Glass has been a truly transformational material in Human history. Among many other remarkable things glass helped us understand and control properties of light. From photocopying machines to fiber optic cables glass revolutionized our lives.
Gutenberg’s printing machine was a turning point with an unintended consequence. Printing created a huge demand for spectacles and glasswork craftsmanship in Europe literally exploded. Craftsmanship that built spectacles lead to building of more specialized optical instruments including microscopes, telescopes and eventually cameras.
For all intensive purposes, the landmark moment in history of documentary filmmaking begins with the design of the legendary Akeley gyroscope camera that made filming of truly historic documentary films such as Nanook of the North (1922) and Grass (1922). Invented by the influential naturalist Carl Akeley, the Akeley gyroscope cameras were the best equipment to work in rugged outdoor conditions.
This lecture by FilmmakerIQ is a part of the Technical Notes series by Nature Documentaries aiming to compile useful technical, theoretical and practical knowledge for documentary filmmakers. The episode provides an overview of lens theory including lens types, focal length and thin lens equation. It successfully visualizes behavior of light through a thin lens set up using lasers and helps us understand properties such as magnification. A concise but near-comprehensive encapsulation of lenses and cameras is very informative. Absolutely useful for every documentary filmmaker!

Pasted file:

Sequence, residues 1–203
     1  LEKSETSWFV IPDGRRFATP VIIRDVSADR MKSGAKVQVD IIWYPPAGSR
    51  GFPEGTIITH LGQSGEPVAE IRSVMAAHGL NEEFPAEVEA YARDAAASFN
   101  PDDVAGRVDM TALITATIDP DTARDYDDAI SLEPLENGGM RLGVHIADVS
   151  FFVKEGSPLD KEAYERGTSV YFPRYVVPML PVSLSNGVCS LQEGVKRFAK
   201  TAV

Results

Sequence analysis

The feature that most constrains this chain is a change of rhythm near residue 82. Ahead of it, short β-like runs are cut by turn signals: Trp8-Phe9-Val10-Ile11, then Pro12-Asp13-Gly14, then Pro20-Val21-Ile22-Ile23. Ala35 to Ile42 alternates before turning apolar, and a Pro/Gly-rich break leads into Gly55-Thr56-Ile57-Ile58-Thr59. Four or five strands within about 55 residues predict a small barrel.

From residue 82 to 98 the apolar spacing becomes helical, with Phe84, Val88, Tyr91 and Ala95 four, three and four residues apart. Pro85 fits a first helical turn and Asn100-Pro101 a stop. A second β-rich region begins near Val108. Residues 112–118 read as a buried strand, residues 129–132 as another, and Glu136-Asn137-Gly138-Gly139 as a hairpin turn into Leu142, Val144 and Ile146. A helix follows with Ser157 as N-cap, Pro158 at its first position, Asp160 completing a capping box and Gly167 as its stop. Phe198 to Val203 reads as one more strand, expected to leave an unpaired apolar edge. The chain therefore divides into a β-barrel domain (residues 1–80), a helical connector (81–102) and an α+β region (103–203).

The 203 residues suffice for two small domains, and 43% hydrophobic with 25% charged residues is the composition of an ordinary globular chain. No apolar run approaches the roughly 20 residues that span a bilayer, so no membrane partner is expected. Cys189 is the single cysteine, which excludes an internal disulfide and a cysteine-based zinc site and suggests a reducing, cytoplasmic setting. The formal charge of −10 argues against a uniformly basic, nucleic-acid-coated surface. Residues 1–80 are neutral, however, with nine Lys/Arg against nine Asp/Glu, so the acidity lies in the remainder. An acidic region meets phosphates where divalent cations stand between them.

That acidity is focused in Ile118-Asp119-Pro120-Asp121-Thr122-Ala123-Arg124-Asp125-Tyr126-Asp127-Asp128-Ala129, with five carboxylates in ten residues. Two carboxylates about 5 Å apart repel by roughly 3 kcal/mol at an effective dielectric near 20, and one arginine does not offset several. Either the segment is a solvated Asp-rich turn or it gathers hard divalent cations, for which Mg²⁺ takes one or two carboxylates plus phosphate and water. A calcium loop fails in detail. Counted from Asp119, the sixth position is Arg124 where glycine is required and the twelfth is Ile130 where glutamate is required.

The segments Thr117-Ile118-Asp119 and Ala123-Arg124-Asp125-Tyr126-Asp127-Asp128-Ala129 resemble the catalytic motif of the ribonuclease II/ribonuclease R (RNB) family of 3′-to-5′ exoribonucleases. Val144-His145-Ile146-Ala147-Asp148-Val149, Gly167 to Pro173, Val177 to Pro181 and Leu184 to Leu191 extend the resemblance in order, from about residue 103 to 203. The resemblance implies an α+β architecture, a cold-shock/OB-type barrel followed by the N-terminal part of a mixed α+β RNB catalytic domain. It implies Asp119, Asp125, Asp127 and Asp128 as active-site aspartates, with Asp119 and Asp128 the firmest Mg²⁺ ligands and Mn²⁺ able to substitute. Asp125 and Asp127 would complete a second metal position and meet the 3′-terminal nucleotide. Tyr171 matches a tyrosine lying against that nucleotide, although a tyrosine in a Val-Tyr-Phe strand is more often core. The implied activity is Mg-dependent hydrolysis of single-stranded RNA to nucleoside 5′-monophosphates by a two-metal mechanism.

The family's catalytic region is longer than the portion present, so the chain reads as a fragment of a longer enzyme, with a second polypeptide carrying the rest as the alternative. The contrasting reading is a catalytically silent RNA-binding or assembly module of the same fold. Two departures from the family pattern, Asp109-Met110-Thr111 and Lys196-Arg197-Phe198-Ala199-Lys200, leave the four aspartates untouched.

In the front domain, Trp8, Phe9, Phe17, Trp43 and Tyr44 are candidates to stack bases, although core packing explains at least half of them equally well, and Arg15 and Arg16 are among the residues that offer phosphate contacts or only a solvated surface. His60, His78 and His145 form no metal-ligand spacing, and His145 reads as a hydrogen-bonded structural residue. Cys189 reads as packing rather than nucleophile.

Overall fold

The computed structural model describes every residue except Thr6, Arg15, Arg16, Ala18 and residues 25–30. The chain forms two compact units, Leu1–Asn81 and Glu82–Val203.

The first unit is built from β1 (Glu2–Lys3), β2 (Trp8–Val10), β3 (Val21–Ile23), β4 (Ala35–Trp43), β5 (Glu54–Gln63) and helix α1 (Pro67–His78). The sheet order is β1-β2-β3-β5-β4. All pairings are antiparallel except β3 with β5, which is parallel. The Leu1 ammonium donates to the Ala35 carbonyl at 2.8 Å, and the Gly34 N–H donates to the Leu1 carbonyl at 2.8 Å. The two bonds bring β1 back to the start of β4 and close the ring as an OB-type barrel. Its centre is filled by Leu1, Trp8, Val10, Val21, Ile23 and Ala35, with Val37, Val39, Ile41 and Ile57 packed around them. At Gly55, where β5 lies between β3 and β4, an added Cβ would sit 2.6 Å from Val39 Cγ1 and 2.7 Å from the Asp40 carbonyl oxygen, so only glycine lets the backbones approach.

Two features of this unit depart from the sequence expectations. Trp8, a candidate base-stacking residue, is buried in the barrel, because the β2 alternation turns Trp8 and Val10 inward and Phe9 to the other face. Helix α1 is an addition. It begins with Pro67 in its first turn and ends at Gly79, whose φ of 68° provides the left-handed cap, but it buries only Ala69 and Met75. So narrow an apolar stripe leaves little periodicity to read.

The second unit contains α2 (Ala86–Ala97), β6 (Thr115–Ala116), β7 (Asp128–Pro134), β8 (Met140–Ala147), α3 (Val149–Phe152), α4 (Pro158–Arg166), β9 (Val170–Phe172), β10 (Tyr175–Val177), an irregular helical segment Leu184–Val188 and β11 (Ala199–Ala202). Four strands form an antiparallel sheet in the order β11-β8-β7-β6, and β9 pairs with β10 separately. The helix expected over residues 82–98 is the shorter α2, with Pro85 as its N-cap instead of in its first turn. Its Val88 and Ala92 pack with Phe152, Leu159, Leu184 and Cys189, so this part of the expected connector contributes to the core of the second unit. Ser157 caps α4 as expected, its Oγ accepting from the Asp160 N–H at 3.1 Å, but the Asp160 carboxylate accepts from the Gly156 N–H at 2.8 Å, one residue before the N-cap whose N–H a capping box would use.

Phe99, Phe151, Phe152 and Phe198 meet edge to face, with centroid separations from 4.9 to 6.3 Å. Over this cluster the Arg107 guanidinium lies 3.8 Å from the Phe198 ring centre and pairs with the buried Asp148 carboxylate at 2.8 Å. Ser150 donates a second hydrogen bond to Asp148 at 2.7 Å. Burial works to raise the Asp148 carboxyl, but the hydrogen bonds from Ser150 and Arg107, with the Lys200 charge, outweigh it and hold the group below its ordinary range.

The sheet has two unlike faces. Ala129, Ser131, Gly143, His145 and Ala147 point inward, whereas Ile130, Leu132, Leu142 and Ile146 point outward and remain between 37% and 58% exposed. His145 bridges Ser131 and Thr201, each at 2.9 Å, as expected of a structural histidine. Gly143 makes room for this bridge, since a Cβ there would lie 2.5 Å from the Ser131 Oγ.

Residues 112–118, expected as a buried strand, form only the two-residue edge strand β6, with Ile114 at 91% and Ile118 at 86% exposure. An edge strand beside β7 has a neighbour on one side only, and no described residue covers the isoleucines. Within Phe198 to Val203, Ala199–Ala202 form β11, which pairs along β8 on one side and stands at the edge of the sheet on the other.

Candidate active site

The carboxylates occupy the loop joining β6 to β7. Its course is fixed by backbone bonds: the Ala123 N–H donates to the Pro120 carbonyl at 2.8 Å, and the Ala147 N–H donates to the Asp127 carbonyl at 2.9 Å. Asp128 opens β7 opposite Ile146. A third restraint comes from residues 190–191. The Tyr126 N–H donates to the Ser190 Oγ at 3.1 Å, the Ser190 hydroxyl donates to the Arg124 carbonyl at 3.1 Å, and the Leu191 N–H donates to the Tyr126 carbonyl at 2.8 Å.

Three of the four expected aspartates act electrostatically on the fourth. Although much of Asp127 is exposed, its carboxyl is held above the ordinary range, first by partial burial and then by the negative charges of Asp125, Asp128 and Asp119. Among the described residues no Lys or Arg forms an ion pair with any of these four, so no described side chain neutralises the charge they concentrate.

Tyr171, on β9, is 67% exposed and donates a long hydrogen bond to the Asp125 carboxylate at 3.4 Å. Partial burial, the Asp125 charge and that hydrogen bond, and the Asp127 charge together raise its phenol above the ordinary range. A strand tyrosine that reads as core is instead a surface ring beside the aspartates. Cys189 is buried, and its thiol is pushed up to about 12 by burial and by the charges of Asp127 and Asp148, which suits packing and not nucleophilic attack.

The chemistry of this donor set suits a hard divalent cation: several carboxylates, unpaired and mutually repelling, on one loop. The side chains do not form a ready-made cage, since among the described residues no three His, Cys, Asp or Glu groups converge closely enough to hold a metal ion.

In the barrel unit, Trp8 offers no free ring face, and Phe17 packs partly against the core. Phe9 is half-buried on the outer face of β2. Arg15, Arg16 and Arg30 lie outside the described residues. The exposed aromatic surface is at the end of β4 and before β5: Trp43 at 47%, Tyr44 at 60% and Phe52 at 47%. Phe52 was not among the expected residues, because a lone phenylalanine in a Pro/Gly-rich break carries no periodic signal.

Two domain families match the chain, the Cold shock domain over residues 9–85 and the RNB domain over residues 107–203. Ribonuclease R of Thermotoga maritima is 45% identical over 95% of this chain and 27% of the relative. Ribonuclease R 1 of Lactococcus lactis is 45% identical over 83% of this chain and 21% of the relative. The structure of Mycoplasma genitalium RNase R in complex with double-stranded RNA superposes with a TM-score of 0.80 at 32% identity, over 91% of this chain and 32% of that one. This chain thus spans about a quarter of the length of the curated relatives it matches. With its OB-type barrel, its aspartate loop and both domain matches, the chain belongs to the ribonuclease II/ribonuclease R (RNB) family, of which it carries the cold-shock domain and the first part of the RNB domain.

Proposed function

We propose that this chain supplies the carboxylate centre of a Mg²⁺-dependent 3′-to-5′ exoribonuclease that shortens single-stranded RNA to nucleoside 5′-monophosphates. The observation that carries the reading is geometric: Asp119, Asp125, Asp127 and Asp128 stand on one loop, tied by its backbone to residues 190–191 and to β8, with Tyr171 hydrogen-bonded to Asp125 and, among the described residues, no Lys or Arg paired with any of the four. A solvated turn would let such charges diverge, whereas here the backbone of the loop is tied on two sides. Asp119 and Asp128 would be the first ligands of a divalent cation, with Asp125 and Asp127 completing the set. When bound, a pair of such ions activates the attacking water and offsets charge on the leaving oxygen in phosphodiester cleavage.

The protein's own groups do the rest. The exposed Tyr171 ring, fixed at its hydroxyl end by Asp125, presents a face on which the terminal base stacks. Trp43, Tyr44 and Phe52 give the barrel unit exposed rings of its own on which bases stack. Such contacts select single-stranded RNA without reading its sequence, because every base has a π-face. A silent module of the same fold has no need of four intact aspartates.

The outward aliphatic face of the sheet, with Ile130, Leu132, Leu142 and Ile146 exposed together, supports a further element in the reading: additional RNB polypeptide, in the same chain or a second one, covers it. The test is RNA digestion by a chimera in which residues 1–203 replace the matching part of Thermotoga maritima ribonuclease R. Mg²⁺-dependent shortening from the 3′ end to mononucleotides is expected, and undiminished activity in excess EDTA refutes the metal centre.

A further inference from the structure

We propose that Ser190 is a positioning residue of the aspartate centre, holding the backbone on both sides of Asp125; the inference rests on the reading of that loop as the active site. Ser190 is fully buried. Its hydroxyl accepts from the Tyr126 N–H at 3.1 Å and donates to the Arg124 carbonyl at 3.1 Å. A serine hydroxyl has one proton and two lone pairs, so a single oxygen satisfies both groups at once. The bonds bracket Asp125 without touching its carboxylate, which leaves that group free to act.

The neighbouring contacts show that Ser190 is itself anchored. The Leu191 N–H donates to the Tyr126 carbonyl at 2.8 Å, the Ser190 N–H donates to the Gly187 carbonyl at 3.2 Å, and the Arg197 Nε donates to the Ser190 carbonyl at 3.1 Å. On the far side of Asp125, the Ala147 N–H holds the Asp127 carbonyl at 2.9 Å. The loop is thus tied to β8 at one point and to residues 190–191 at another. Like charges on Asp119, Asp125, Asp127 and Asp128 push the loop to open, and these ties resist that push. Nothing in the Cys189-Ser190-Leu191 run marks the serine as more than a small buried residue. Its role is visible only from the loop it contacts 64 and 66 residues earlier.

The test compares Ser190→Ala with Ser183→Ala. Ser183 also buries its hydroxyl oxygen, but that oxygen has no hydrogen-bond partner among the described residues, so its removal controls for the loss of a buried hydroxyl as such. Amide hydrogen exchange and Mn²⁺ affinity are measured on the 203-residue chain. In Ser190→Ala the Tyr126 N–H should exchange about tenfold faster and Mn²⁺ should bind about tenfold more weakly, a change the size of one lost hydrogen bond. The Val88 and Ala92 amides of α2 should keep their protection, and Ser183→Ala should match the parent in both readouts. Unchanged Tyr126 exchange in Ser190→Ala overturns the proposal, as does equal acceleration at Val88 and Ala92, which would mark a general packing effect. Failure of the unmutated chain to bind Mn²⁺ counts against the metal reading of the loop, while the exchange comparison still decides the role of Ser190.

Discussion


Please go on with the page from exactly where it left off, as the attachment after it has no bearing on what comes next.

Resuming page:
Next: Properties of Camera Lenses.
If you want to cultivate yourself further with optical theory you can check out the Khan Academy lecture series on Geometric Optics.